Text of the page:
Source: Tony Babinec (email@example.com) Issue #833, 2/28/92
Malts can be U.S. or continental, including a fraction of wheat malt if desired. Hopping should be continental noble hops. The yeast is the tricky part, as to my knowledge there is no available Kolsch yeast. The Goose Island Brewery in Chicago brews a Kolsch using a Kolsch yeast from Germany. The Free State Brewery in Lawrence, Kansas, brews a Kolsch using Wyeast "European" ale. This yeast is suggested by Fred Eckhardt. I've used the yeast from time to time and think it's a great yeast, so use this in preference to any generic ale yeast.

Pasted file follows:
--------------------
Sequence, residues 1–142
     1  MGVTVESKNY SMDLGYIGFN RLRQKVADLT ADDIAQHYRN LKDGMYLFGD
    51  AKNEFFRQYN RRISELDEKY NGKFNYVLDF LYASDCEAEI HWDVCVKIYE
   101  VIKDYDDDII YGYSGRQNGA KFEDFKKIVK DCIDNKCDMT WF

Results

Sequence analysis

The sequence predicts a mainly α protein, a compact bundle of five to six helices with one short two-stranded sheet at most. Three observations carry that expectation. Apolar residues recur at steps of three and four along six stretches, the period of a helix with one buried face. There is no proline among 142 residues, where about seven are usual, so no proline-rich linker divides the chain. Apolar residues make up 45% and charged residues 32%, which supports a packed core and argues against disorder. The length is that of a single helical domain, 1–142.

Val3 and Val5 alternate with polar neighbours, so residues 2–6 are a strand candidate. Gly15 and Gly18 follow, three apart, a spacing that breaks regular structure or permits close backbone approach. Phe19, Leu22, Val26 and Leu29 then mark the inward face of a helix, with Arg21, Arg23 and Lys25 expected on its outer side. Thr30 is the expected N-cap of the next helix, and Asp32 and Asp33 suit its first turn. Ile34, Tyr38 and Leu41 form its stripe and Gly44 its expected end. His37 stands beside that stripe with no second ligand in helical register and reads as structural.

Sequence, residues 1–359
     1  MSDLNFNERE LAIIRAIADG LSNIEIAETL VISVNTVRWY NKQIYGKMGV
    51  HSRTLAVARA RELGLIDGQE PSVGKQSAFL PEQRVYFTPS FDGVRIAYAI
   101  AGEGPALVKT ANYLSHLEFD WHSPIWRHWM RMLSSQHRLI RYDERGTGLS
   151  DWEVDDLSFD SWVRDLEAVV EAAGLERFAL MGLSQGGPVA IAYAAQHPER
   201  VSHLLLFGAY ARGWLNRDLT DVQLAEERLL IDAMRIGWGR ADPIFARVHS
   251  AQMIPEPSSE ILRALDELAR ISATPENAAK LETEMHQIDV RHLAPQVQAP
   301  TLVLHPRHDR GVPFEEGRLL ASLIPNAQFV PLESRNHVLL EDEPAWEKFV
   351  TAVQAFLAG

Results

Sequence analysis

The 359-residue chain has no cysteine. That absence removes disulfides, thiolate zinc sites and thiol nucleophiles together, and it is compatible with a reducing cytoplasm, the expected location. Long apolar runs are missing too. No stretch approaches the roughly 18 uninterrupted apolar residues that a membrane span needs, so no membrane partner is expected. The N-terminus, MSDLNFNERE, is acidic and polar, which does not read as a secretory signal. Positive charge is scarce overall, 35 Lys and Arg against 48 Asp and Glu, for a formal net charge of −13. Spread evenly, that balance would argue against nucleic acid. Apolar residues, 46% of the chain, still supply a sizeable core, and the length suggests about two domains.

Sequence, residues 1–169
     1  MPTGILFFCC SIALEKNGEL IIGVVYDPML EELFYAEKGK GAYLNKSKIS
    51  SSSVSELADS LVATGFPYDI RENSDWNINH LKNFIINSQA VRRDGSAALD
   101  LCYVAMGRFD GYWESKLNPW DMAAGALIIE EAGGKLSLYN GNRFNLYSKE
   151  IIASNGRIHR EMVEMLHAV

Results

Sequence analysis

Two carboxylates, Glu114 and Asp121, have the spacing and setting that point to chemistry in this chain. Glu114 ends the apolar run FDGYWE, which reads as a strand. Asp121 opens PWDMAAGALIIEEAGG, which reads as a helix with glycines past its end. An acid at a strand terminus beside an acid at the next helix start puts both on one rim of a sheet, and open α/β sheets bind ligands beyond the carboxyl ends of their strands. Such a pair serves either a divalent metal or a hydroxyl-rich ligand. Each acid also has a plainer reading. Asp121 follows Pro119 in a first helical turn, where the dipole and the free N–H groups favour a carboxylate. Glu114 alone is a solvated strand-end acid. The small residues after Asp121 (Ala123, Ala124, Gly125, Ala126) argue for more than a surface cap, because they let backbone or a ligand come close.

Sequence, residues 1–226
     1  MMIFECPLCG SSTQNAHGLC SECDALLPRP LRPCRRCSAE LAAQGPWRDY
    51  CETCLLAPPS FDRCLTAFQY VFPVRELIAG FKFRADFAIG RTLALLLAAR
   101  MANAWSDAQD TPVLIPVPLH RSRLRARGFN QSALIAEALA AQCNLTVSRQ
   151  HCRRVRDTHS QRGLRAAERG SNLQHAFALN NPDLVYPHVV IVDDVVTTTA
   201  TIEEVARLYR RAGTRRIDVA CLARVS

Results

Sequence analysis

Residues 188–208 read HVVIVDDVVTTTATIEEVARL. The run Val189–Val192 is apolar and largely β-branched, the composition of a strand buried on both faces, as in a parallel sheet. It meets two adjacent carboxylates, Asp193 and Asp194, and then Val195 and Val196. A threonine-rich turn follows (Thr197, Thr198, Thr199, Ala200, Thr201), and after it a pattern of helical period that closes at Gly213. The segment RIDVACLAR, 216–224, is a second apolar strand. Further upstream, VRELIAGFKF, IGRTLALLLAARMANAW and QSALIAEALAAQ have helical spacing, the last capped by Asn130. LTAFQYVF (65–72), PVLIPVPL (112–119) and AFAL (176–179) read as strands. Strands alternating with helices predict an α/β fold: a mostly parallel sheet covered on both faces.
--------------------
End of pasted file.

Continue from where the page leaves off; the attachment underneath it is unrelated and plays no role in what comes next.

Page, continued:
Following Fred Eckhardt's description of Widmer's mash sequence, mash in at 122 degrees F and hold for 30 to 45 minutes, and then raise to 158 degrees F for starch conversion. Following conversion, raise to 170 degrees F for mash out and hold for 10 minutes.
Primary fermentation should be done in the mid-60s. This beer benefits from cold-conditioning, so rack to secondary and "lager" at 40 degrees for a couple weeks.